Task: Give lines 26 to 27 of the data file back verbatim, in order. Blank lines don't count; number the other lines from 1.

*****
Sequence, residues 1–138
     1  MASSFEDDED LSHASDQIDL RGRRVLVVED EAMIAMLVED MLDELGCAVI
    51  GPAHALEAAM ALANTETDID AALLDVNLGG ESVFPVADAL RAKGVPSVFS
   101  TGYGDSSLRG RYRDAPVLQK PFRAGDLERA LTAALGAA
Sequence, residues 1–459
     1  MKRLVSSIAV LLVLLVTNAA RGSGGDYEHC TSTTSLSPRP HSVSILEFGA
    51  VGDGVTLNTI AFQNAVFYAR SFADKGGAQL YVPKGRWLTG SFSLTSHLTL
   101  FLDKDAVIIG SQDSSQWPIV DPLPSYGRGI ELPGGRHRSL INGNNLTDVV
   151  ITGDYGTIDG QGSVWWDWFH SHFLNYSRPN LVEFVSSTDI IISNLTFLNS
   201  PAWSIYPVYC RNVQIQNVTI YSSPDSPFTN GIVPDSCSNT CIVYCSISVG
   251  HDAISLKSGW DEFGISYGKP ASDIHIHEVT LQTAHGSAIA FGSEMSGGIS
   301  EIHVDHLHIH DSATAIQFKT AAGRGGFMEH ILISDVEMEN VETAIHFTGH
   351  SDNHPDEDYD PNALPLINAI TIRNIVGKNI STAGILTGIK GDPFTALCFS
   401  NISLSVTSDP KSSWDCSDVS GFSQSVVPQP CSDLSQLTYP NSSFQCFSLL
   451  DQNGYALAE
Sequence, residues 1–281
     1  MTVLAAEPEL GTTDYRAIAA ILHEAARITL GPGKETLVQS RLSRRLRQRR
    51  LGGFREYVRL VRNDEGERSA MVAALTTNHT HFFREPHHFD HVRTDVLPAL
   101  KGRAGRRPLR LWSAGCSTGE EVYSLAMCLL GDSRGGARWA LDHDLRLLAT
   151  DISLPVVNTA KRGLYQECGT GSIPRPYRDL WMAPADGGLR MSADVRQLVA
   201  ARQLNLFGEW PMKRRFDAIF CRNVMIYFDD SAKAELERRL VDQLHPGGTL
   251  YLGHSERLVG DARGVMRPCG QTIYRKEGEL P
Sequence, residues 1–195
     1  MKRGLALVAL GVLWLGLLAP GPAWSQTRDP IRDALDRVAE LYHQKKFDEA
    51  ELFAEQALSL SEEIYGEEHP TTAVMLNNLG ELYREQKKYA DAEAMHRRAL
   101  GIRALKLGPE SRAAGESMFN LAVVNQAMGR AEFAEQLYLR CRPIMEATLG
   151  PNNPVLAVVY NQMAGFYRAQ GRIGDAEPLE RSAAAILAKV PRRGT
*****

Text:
   101  GIRALKLGPE SRAAGESMFN LAVVNQAMGR AEFAEQLYLR CRPIMEATLG
   151  PNNPVLAVVY NQMAGFYRAQ GRIGDAEPLE RSAAAILAKV PRRGT